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Precautionary Boil Water Advisory lifted for some of Baltimore, mayor promises citywide water bill discount

24 of 25 tests taken after disclosure of water contamination came back negative, officials say
24 of 25 tests taken after disclosure of water contamination came back negative, officials say 03:31

BALTIMORE - Twenty-four of 25 samples taken in a follow-up round of testing came back negative for E. coli and coliform, bacteria discovered in West Baltimore's drinking supply last week, Baltimore Department of Public Works Director Jason Mitchell said.

The one positive sample was collected at a police station at 1034 N. Mount St. in Sandtown-Winchester, one of three locations where earlier tests came back positive for E. coli and coliform, triggering the city on Monday to issue a Required Boil Water Advisory for a 56-square block area of West Baltimore.

A fire station in the impacted area that previously tested positive came back negative, Mitchell said.

For now, about 1,500 residences and businesses in the impacted area will remain under the Required Boil Water Advisory.

There was a precautionary advisory in effect for a much larger area that stretched from Bolton Hill in the northeast, Rosemont in the northwest, and parts of southwest Baltimore County.  

But Mayor Brandon Scott lifted that precautionary advisory on Wednesday night.

He said during a press conference that after reviewing water samples, the city had obtained clearance from the Maryland Department of the Environment to lift the precautionary advisory for a portion of the city and the part of Baltimore County that initially fell into the water-boil zone.

"We are expecting more test results later on this evening and early into tomorrow," he said.

Meanwhile, the Baltimore City Department of Public Works, also known as DPW, is asking everyone remaining under a Boil Water Advisory to flush all of the water in their house for 15 minutes.

Scott apologized for the inconvenience the contaminated water supply has caused Baltimore's residents.

He said everyone in the city would be given a 25% discount on water bills in the next cycle.

People who live in an area that is under a water boil advisory should heat their water to a "rolling boil" for at least one minute to kill any bacteria. This will make the water safe for the following activities: drinking, brushing teeth, washing fruits and vegetables, preparing baby food and formula, making ice, giving to pets, washing dishes, and preparing food.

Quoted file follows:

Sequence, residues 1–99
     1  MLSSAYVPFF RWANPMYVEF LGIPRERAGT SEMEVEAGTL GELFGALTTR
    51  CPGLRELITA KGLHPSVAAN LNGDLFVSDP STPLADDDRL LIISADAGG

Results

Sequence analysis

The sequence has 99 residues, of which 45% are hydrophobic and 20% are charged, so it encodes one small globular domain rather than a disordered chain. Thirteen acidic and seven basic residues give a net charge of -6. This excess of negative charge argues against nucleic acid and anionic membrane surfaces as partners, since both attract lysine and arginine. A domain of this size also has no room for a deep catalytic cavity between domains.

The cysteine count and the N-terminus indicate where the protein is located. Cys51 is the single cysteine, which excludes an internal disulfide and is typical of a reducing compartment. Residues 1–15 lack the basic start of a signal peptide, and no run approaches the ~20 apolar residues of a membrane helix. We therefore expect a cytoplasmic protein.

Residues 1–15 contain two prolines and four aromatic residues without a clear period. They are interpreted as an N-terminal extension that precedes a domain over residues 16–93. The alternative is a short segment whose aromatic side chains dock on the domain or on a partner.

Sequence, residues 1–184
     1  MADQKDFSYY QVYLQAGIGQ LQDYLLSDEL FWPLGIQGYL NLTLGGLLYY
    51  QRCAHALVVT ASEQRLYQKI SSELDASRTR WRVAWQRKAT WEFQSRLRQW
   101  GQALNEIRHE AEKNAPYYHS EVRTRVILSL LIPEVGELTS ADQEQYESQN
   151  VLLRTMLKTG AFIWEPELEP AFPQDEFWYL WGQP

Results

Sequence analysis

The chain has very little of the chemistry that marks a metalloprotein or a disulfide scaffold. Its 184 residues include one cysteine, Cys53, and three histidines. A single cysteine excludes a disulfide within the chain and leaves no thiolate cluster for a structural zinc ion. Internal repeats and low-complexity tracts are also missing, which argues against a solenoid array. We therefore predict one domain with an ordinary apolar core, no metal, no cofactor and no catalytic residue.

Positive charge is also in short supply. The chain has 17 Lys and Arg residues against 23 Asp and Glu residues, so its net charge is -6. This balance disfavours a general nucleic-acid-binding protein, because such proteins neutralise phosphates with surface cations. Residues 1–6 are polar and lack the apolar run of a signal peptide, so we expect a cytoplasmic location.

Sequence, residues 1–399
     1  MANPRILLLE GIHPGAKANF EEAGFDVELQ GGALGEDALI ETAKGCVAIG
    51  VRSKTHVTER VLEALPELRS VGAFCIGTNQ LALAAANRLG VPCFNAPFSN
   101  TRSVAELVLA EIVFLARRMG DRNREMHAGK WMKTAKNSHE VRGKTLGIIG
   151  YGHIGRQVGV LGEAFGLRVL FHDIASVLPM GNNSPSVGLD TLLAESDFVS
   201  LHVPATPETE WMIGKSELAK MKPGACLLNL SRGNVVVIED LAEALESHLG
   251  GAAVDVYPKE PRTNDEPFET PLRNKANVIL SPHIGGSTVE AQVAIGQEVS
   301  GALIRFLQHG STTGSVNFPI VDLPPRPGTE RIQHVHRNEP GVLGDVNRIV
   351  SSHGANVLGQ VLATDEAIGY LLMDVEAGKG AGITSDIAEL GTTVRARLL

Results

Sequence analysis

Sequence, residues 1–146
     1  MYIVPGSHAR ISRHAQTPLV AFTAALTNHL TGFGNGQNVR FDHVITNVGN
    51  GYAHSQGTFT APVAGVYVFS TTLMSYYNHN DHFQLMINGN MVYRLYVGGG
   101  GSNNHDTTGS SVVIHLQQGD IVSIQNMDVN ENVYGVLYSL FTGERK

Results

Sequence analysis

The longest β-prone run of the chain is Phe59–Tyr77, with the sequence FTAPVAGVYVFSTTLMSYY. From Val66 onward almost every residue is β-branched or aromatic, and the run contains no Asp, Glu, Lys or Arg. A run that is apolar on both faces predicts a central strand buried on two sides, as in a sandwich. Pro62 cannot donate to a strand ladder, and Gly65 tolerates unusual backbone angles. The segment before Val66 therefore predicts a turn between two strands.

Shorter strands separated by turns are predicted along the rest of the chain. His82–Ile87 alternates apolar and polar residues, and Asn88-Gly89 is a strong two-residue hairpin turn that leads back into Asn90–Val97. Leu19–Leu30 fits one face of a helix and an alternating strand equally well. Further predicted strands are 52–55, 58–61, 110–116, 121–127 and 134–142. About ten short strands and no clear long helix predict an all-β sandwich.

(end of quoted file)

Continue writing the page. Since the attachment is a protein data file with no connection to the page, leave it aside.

DPW is still investigating the cause of the contamination by conducting leak tests and valve assessments, checking chlorine levels in the water, and researching any construction projects that may have impacted the city's water system, Mitchell said.

Speaking at a press conference Wednesday, Mitchell offered a more detailed timeline of when the initial samples were collected.

As part of routine testing, 19 samples were taken on Friday, Sept. 2. Water from Fire Station 8 at 1503 W. Lafayette Ave. came back positive on Saturday, Sept. 3, which the city reported to the Maryland Department of the Environment, Mitchell said. 

The result prompted officials to conduct additional tests upstream and downstream of the site on Sunday, Sept. 4, at two police stations. Both came back positive.

Mitchell said DPW workers are hoping to finish tests at 90 sites across the city and surrounding counties by the end of Thursday.

According to the U.S Centers for Disease Control and Prevention, E. coli is a group of bacteria found in the environment, foods, and intestines of people and animals. The agency said most E. coli are harmless, but others can make you sick.

Some strains can cause diarrhea, while others cause urinary tract infections, respiratory illness, pneumonia, and other illnesses.

On Wednesday, the city distributed bottled water at three locations starting at 9 a.m.:

  • Harlem Park Elementary/Middle School
  • Lansdowne Library
  • Middle Branch Park

Deputy Chief James Wallace, of the Mayor's Office of Emergency Management, said the city has distributed 53,000 gallons of water to residents since Monday.

Baltimore City Health Commissioner Dr. Dr. Letitia Dzirasa said officials are investigating two cases of gastrointestinal illness among people who live in the advisory area in West Baltimore, but it is not yet confirmed if these people have an E. coli infection.

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